I love rain. Unfortunately it rarely rains in the UAE. When it does it makes people so joyous and Cheerful, but mostly hopeful. If it is late after a long summer Muslims gather to pray for it often led by the president of the country or one of his ruling brothers. You can imagine how rain is precious in the desert; we sincerely value it and regard it as god’s mercy sent to reward obedience and gratefulness. Moreover there is nothing like the smell of the first rain. The way it feels when it touches ones face is inestimable.
Haven said that, it is entirely a different story when you are travelling and need the sky to stay clear all the time. In my previous Hong Kong post I mentioned how it rained continuously during the last 2 days of our trip. We thought few drops of rain shouldn’t be a problem, so we put on our plastic waterproofs, borrowed an umbrella from the hotel’s concierge and started for Lantau Island. We were eager to ride the Ngong Ping glass bottomed cable cars up to the mountain where we can see the biggest outdoor Buddha statue in the world. I was told you get incredible views of the airport and surrounding fishing villages from the crystal cabins. Instead of making it feel good the weather only got worse; the following photos will give you an idea what we were able to see while stuck inside the glass cable car for 20 minutes.
As it moved up we were floating inside dark and heavy clouds. It was dreamlike, yet at this point it was apparent that all that was awaiting us up there is more rain and poor visibility. I still can’t believe that we got all the way up and never saw the Buddha’s face! The parts that we managed to see were more or less enchanting. So near yet so far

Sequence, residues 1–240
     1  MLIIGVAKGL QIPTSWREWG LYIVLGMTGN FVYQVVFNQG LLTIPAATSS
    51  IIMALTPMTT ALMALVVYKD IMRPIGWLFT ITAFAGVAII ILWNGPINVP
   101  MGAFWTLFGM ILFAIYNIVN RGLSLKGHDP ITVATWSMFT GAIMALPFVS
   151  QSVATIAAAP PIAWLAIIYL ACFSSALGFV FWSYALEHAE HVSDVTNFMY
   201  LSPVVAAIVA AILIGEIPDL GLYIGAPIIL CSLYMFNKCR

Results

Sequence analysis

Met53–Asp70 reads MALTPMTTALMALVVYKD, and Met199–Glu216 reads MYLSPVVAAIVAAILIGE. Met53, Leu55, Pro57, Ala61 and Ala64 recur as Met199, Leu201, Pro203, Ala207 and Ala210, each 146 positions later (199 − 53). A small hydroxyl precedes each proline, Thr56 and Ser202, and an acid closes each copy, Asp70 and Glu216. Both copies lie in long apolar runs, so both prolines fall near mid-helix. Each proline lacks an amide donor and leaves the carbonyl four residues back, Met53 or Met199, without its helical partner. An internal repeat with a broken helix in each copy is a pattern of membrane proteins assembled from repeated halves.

We had better luck at the Po Lin Monastery for even though it kept raining, but its stunning interiors made the visit worthwhile.
At Tai O fishing village we saw the stilt houses. Our guide said those are expected to last for about 40 more years before they are covered with water. As it lasts this village demonstrates the simplicity of the life of a fisherman and everything that goes with it. Here you could get a chance to spot hatted Hakka Women although they might not always be ethnic Hakka.
All that rain was not helping Angel get rid of his cold. A good meal and a cup of Jasmine tea were due at the end of every day to help him regain his strength. Street food stalls were easy to find at the area of our accommodation (Causeway Bay). It was never so difficult to get an authentic meal or an evening snack around the corner, although it took us a couple of days to find the good stuff. At Temple Street our foodie experience was exquisite. After a busy shopping evening our dinner was charged with flavors, affordable and atmospheric.
For a complete Hong Kong experience we decided to investigate the new territories through a tour that took us to the less explored countryside. It was another very rainy and hazy day when we visited the Chuk Lam Sim Yuen Monestery, the walled villages of Shui Tau and Shui Mei Tsuen and the Kadoorie Farm. We spent most of the day trying not to get soaked, but it was inevitable.
Until the next journey…